• 1
    @contactmatt I share your aprehension. In the end, it seems there's no way to implement efficiently the full requirement, but relaxed variations around the original. – Luchostein Jun 8 '18 at 18:36

This tutorial shows a great way to do pagination. Efficient Pagination Using MySQL

In short, avoid to use OFFSET or large LIMIT

  • 32
    maybe give a summary? – Andrew Dec 30 '15 at 20:35
  • 1
    Yeah, i would appreciate more effort in the answer. – Zorkind Jul 17 '18 at 18:54
  • That's a slide show, not a tutorial. Limited usefulness. – Orolo Feb 12 at 21:34

you can also do


The row count of the select statement (without the limit) is captured in the same select statement so that you don't need to query the table size again. You get the row count using SELECT FOUND_ROWS();

  • 1
    This is particularly inefficient. The * results in more columns than necessary being fetched, and the SQL_CALC_FOUND_ROWS results in those columns being read from all rows in the table, even though they are not included in the result. It would be a lot more efficient to calculate the number of rows in a separate query which doesn't read all those columns. Then your main query can stop after reading 20 rows. – thomasrutter Aug 2 '12 at 7:59
  • Are you sure? I timed the query against a large table SQL_CALC_FOUND_ROWS and another query not using. I saw no time difference. Any ways it is faster than doing 2 queries . 1 - select * from atable limit 0 20, and then select count(*) from atable. – surajz Aug 2 '12 at 16:11
  • 1
    Yes I'm sure - here's more info. In all cases when you are using an index to filter rows, SQL_CALC_FOUND_ROWS is significantly slower than doing 2 separate queries. On the rare occasion you are not using an index, or (as in this simplified example) you have no WHERE clause and it's a MYISAM table, it makes little difference (it's around the same speed). – thomasrutter Aug 3 '12 at 2:31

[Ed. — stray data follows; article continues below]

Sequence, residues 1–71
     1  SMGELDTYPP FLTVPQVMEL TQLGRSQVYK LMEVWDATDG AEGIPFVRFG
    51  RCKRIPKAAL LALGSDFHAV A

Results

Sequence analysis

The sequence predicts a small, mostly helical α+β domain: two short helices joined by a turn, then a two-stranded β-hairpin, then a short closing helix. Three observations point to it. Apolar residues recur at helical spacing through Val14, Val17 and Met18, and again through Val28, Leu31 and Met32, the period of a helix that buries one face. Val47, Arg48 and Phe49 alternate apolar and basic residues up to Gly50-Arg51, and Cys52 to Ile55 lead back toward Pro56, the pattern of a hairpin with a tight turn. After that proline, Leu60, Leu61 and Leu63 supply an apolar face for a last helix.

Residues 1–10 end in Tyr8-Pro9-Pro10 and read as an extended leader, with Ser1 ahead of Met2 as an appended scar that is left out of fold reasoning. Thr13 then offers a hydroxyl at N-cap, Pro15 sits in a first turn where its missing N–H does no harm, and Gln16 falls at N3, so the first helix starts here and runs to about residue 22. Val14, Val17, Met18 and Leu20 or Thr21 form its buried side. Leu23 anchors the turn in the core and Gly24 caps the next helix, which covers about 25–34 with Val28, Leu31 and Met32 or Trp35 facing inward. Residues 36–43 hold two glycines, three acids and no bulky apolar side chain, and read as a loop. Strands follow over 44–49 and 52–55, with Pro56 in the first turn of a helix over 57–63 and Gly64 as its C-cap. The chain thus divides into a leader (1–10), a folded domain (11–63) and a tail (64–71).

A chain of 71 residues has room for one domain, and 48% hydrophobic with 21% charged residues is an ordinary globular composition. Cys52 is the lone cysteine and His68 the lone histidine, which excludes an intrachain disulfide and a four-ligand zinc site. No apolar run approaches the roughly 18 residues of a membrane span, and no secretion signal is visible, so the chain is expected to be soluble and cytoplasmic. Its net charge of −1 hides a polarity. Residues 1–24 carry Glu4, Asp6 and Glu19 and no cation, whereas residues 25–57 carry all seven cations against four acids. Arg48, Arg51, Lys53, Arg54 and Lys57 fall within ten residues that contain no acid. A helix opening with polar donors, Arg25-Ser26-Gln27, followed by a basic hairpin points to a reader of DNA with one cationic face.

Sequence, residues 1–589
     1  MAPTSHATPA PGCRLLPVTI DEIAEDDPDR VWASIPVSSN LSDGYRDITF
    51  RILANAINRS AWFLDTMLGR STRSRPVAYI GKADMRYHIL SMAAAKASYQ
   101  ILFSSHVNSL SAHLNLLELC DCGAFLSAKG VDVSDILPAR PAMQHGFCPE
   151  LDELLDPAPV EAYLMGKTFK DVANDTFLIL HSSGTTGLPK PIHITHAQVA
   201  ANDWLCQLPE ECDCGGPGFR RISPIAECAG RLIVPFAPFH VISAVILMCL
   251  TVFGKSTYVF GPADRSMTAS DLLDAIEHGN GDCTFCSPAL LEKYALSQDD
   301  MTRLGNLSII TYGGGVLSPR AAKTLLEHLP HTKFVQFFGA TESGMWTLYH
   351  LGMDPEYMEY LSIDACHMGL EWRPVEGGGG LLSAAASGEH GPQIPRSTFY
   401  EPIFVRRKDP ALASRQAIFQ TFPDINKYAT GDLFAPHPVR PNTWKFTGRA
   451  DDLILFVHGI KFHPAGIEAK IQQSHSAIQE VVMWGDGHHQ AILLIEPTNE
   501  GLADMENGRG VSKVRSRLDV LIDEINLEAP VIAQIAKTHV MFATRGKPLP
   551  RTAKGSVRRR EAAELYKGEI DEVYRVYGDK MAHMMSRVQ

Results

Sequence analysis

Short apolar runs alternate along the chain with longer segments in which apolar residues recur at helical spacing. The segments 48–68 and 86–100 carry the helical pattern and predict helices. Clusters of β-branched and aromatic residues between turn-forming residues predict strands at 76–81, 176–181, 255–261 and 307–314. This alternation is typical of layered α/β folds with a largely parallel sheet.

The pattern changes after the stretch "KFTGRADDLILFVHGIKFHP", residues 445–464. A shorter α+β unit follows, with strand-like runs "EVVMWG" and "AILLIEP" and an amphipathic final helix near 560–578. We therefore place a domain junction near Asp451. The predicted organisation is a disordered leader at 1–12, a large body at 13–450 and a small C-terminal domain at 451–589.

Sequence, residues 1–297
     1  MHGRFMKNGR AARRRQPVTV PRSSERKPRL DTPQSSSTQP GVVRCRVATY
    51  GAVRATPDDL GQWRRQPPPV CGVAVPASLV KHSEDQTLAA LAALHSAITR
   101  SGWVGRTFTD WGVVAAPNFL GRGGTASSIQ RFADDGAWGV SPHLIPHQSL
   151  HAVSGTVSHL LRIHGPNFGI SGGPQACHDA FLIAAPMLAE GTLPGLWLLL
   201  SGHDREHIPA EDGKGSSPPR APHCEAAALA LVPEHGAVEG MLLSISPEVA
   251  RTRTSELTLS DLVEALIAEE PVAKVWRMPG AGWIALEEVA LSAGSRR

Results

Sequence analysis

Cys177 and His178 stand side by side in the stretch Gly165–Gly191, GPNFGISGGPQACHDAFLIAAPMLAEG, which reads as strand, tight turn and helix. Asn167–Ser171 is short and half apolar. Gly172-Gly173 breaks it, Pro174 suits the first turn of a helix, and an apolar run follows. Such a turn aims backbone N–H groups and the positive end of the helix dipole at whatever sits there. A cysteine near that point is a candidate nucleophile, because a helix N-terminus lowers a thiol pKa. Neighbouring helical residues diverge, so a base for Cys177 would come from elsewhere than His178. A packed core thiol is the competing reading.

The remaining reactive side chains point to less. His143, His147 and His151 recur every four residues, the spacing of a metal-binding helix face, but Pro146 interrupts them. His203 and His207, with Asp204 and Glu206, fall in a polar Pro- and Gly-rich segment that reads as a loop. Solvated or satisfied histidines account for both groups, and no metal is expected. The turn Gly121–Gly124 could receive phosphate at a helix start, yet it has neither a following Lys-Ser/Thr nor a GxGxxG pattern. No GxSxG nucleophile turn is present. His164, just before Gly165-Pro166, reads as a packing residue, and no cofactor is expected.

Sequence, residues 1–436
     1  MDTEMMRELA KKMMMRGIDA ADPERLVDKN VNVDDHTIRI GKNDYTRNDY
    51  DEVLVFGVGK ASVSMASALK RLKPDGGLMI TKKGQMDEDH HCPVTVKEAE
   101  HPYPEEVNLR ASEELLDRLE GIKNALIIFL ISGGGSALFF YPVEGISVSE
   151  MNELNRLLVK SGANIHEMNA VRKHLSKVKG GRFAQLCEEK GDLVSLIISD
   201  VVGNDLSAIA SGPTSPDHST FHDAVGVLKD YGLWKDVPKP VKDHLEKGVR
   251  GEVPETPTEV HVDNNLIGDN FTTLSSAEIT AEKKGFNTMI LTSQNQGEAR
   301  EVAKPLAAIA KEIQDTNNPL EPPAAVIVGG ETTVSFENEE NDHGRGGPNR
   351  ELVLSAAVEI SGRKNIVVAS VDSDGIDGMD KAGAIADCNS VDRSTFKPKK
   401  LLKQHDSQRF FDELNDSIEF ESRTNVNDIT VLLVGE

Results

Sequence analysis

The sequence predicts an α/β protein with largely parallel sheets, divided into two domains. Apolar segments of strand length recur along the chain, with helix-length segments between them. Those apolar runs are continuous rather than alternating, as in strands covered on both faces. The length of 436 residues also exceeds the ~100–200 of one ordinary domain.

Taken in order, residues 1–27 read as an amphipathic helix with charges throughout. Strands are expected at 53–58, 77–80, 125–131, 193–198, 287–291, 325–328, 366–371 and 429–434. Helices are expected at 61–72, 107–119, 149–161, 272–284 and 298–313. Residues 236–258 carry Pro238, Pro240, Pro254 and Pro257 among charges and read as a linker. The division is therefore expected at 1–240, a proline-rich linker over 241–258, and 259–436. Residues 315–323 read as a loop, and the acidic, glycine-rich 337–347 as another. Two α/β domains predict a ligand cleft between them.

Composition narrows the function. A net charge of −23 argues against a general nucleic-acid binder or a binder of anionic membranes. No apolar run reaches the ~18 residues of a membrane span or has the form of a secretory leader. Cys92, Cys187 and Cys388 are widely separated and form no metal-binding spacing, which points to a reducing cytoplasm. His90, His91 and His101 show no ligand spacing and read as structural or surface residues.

• Also here's a discussion about it on Stackoverflow – thomasrutter Aug 3 '12 at 2:33

Query 1: SELECT * FROM yourtable WHERE id > 0 ORDER BY id LIMIT 500

Query 2: SELECT * FROM tbl LIMIT 0,500;

Query 1 run faster with small or medium records, if number of records equal 5,000 or higher, the result are similar.

Result for 500 records:

Query1 take 9.9999904632568 milliseconds

Query2 take 19.999980926514 milliseconds

Result for 8,000 records:

Query1 take 129.99987602234 milliseconds

Query2 take 160.00008583069 milliseconds

  • You need to put an index on id. – Maarten May 18 '15 at 15:00
  • 8
    How is id > 0 useful? – Michel Jung Nov 16 '15 at 9:40
  • 1
    Like Maarten said, those two queries appear fundamentally the same, and probably break down into the same, machine-level commands either way. You must have an indexing problem or a really old version of MySQL. – HoldOffHunger Aug 22 '16 at 13:42
  • thanks , as in i didnt saw your answer , i just needed to see the order in which where , order and limit comes – Shreyan Mehta Jul 12 '19 at 11:31
  • wrong example has been used. with offset(the first argument to limit is offset), you are still selecting all the data to the limit, then discarding that amount of the offset, then returning the section which is between offset and limit. with where clause on the other hand, you are setting a kind of a start point for the query and query ONLY that specific part. – senaps Sep 7 '19 at 11:59

Your Answer

By clicking “Post Your Answer”, you agree to our terms of service, privacy policy and cookie policy

Not the answer you're looking for? Browse other questions tagged or ask your own question.